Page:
Most at issue for Tesla's next-gen lithium-ion chemistry are lithium and cobalt, each of which carries some degree of risk, though for very different reasons. Cobalt, a necessary ingredient for the current generation of nickel-cobalt-aluminum batteries powering Tesla's Model S, is something of a conflict mineral, with a large portion of the global supply originating in the oft-unstable Democratic Republic of Congo. But while the touch-and-go political situation there substantially influences the global price of cobalt, battery makers have an out. While a long-term spike in cobalt prices could cause short-term disruption in battery supply chains, manufacturers can adjust their battery chemistry to swap out cobalt for other materials, like manganese.
That workaround for a long-term surge in cobalt prices does not exist for lithium, an irreplaceable element in Tesla's current battery designs. Fortunately for Tesla, lithium isn't exactly in short supply, and the lithium exploration and production activity is picking up.
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"In terms of the actual production of these raw materials, we don't really have a concern for the supply of them," said Cosmin Laslau, an energy storage research analyst at Lux Research. "There will need to be some additional resources brought online, but as far as there being enough out there to support this, we think, 'Yes, yes there is.'"
In fact, there have been short-term oversupply concerns for companies in the business of producing lithium. A recent Goldman Sachs report estimates that Tesla may soak up as much as 17 percent of the current global supply of lithium when its Gigafactory is running at full capacity (15,000 to 25,000 tons of lithium carbonate annually), which would ease oversupply fears—a more conservative forecast from Bank of America put Tesla's lithium needs at 9,000 tons.
The current spot market price for lithium carbonate is between $5,000 and $6,000 per metric ton, according to Roskill, a U.K.-based metals market research company. The lithium price has been fairly stable in recent years, according to Roskill's managing director, Robert Baylis, though it has been rising on average 5 percent to 10 percent annually.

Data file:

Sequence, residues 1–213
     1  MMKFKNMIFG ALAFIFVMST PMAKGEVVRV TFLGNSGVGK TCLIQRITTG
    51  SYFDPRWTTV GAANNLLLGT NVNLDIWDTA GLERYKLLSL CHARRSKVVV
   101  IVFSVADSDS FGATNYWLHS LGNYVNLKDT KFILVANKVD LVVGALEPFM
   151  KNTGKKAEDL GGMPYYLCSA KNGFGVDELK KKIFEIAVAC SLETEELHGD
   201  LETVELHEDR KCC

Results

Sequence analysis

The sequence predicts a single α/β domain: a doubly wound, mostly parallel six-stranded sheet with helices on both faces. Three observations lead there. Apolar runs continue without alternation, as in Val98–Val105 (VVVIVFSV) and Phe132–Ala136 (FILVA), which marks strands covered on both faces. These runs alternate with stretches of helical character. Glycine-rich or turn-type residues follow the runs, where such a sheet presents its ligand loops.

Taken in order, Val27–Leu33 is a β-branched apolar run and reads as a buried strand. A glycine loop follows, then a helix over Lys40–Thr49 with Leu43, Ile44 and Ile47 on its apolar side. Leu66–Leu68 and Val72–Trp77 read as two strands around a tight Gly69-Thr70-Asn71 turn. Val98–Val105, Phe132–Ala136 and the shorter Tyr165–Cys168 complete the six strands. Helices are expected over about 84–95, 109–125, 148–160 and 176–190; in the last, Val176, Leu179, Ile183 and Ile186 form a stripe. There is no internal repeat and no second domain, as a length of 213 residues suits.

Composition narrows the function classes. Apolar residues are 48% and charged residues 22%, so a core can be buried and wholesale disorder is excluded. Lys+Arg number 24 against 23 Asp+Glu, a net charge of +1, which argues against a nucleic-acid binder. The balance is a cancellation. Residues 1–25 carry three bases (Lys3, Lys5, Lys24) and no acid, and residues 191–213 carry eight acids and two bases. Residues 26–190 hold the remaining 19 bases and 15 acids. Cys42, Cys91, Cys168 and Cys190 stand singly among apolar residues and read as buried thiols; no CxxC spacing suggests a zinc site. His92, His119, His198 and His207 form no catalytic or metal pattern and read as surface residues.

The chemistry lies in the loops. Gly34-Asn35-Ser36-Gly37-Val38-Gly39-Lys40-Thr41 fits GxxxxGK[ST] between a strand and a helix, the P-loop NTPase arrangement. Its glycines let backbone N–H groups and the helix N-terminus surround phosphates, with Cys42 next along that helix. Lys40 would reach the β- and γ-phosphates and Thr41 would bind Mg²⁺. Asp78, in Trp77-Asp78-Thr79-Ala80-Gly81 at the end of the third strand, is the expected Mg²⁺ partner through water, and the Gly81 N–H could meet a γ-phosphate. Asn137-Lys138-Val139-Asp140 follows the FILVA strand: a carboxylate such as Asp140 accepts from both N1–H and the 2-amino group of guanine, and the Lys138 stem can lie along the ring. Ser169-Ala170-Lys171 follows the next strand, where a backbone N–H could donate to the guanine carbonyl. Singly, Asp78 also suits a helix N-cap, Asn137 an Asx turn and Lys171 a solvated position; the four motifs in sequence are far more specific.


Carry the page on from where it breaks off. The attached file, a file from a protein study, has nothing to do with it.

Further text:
The global hunt for lithium
New lithium reserves are being discovered all the time. The majority of the world's lithium comes from Chile where companies including Sociedad Quimica y Minera and FMC LIthium (part of FMC Corp.) are the largest exporters. Australia is the world's second-biggest current lithium producer, but salt flats in Bolivia are thought to hold 6 million tons of untapped reserves, and a new deposit of lithium-rich brine discovered in Wyoming could hold another 18 million tons that have yet to be exploited.
"People are now looking for and finding sources of lithium all over the place," said Dan Hearsch, a battery and energy storage expert at consultancy AlixPartners LP. "Even with the expected growth of EVs, in this century there's really not a constraint. Even in the processing, it's not constrained, and it's not that expensive to process."
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That's because lithium isn't extracted via traditional mining (though it can be) but rather through an electrolytic process that separates lithium salts from brine pools and brine deposits, a flexible and scalable process that requires a fraction of the sunk costs associated with traditional mining.